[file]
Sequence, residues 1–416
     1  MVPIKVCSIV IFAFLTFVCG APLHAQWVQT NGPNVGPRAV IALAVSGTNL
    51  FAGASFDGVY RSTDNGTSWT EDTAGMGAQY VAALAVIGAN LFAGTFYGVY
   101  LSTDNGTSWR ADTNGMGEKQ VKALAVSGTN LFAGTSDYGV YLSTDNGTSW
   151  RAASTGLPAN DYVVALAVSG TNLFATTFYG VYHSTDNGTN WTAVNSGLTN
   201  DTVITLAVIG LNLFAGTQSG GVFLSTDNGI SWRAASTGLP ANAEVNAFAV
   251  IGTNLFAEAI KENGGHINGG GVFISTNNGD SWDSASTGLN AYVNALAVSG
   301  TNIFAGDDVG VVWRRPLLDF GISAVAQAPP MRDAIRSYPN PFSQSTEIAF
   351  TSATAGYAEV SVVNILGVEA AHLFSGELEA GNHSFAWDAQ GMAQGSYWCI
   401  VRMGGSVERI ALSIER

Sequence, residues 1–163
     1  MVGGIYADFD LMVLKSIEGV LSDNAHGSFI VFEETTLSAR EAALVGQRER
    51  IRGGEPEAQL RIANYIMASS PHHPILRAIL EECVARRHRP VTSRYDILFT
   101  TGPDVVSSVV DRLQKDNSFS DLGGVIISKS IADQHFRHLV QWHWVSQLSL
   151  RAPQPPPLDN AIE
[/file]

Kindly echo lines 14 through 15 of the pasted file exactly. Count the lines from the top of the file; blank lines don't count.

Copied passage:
   101  TGPDVVSSVV DRLQKDNSFS DLGGVIISKS IADQHFRHLV QWHWVSQLSL
   151  RAPQPPPLDN AIE